MODERATE: four or five symptoms indicate a moderate substance use disorder, and

SEVERE: six or more symptoms indicate a severe substance use disorder. Clinicians can also add “in early remission,” “in sustained remission,” “on maintenance therapy,” and “in a controlled environment.”

The DSM 5 is criticized for combining the the DSM IV categories of substance dependence (addiction marked by a pattern of compulsive use or loss of control) and substance abuse disorders (using in a manner that causes problems but does not have a pattern of compulsive use). The 2011 definition of addiction by the American Society of Addiction Medicine (ASAM) is consistent with DSM IV but not DSM 5.

The DSM IV, like the ASAM definition is based upon the idea that there is a DIFFERENCE IN KIND between substance abuse and dependence/addiction.

The DSM 5 is inconsistent with the ASAM definition because it is based upon the idea that there is only A DIFFERENCE IN DEGREE between abuse and addiction based upon the number of symptoms.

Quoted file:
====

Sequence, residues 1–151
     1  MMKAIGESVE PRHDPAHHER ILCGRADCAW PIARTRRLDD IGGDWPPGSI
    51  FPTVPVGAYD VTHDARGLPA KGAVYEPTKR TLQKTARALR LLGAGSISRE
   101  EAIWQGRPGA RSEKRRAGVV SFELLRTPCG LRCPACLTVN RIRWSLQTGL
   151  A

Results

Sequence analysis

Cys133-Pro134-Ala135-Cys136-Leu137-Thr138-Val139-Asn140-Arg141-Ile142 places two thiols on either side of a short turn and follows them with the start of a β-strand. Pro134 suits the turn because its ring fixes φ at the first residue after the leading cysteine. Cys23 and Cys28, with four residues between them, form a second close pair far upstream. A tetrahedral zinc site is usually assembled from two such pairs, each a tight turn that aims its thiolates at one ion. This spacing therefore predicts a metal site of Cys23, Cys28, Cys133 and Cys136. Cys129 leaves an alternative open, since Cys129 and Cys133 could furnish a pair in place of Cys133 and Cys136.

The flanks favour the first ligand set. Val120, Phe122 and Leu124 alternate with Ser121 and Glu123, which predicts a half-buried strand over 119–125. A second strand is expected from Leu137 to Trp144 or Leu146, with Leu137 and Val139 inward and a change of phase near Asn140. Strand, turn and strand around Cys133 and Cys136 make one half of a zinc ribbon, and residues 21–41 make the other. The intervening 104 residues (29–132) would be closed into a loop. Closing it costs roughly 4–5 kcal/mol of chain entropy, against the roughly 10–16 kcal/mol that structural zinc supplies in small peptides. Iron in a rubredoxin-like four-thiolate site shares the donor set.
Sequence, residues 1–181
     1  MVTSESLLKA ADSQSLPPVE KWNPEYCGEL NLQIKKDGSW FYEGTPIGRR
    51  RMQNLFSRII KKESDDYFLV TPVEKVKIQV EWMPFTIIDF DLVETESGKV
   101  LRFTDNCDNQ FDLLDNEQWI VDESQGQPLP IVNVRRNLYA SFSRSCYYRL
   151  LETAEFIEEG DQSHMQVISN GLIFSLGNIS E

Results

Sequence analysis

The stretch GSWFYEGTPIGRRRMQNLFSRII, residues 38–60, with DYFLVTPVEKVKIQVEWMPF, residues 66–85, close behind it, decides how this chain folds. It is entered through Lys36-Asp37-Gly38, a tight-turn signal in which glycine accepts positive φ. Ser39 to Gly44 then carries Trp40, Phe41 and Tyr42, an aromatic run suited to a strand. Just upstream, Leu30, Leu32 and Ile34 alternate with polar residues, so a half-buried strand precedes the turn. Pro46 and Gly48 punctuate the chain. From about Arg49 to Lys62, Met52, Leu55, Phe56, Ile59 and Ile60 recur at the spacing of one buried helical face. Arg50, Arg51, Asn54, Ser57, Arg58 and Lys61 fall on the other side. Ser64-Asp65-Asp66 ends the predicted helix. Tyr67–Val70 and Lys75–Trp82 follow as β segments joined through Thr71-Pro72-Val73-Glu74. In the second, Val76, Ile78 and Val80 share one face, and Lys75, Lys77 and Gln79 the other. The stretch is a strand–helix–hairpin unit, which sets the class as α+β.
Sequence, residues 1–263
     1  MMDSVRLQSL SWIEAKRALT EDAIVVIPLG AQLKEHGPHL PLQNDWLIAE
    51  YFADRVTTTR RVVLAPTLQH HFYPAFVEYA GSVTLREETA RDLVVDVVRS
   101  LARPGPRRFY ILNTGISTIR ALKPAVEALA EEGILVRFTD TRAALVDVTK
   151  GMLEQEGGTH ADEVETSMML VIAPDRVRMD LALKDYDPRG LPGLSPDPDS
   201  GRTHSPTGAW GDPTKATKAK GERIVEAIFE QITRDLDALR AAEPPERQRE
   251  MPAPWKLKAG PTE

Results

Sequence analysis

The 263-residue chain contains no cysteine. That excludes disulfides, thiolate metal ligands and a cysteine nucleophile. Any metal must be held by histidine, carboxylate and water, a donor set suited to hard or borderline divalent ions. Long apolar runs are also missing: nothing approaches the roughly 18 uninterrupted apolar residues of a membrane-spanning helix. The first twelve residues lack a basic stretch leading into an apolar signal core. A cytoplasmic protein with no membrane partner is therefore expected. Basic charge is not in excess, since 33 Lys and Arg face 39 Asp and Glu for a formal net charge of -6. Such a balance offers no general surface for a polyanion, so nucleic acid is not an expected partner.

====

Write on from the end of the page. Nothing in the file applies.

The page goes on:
This is a critical difference in the underlying theory of addiction between the DSM IV and DSM 5 and a break in the progressive development of the fundamental concept if addiction which began with the DSM III.

GORSKI BOOKS:

Straight Talk About Addiction


Recovery From Addiction: Gorski’s Operational Definition

October 15, 2013

Recovery from addiction is a developmental process that progresses in six progressive stages:

STAGE O. Active Uncontrolled Addiction

STAGE 1. Transition: Understanding and overcoming the ambivalence of recognizing and personally accepting addiction;

STAGE 2. Stabilization: Regaining the biopsychoscial balance required to maintain abstinence, manage craving, and self-regulate thoughts and feelings;

STAGE 3. Early Recovery: developing the skills to identify and manage addictive and irresponsible behaviors that can cause unnecessary pain and problems in recovery;

STAGE 4. Middle Recovery: Developing the relationships and lifestyle skills needed to support a meaningful, sober, and responsible way of life.